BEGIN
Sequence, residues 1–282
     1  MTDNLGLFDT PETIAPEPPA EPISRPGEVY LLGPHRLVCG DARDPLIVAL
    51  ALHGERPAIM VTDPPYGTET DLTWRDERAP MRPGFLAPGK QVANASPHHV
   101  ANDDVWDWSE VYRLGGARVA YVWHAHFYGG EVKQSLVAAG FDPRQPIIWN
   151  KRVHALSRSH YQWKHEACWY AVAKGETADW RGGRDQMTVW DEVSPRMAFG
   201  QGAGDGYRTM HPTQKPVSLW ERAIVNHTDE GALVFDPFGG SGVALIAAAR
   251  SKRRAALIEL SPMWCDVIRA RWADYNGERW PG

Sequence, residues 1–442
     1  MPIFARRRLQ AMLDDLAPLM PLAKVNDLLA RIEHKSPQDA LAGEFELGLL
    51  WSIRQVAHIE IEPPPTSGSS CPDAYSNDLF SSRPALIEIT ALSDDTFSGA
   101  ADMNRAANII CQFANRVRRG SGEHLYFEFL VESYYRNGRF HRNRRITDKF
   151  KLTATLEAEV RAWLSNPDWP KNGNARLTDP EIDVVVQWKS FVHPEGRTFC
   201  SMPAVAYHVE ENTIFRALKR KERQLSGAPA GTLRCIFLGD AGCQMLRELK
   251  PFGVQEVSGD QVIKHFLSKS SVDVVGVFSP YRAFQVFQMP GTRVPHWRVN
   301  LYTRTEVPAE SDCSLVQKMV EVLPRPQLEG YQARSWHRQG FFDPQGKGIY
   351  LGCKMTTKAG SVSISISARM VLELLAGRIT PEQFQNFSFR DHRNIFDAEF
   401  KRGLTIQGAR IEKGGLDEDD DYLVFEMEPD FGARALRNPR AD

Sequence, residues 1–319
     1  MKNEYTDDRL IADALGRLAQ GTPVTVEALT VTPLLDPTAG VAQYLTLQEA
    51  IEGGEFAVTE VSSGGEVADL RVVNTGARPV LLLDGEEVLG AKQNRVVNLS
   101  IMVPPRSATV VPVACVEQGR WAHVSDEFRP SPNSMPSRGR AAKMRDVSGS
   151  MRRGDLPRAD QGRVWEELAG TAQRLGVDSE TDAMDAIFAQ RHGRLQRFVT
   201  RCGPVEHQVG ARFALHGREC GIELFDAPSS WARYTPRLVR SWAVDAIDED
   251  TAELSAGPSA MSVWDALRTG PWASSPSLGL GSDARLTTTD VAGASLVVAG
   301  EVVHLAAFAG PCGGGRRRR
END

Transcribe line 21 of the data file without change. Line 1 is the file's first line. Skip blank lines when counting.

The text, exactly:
   101  IMVPPRSATV VPVACVEQGR WAHVSDEFRP SPNSMPSRGR AAKMRDVSGS